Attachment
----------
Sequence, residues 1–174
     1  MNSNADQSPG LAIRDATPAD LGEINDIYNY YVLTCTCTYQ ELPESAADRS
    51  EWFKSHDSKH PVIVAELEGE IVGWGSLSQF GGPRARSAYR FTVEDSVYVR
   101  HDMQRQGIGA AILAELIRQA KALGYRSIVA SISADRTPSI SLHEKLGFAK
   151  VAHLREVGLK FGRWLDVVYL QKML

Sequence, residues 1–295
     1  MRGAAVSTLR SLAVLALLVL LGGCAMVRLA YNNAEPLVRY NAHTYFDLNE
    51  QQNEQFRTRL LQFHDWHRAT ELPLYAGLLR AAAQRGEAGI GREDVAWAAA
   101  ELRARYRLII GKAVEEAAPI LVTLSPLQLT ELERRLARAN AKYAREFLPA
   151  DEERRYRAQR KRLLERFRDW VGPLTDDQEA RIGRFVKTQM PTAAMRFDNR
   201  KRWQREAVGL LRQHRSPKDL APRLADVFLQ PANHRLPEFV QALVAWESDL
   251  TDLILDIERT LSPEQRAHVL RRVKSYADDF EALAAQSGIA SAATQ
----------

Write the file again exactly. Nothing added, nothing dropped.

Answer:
Sequence, residues 1–174
     1  MNSNADQSPG LAIRDATPAD LGEINDIYNY YVLTCTCTYQ ELPESAADRS
    51  EWFKSHDSKH PVIVAELEGE IVGWGSLSQF GGPRARSAYR FTVEDSVYVR
   101  HDMQRQGIGA AILAELIRQA KALGYRSIVA SISADRTPSI SLHEKLGFAK
   151  VAHLREVGLK FGRWLDVVYL QKML

Sequence, residues 1–295
     1  MRGAAVSTLR SLAVLALLVL LGGCAMVRLA YNNAEPLVRY NAHTYFDLNE
    51  QQNEQFRTRL LQFHDWHRAT ELPLYAGLLR AAAQRGEAGI GREDVAWAAA
   101  ELRARYRLII GKAVEEAAPI LVTLSPLQLT ELERRLARAN AKYAREFLPA
   151  DEERRYRAQR KRLLERFRDW VGPLTDDQEA RIGRFVKTQM PTAAMRFDNR
   201  KRWQREAVGL LRQHRSPKDL APRLADVFLQ PANHRLPEFV QALVAWESDL
   251  TDLILDIERT LSPEQRAHVL RRVKSYADDF EALAAQSGIA SAATQ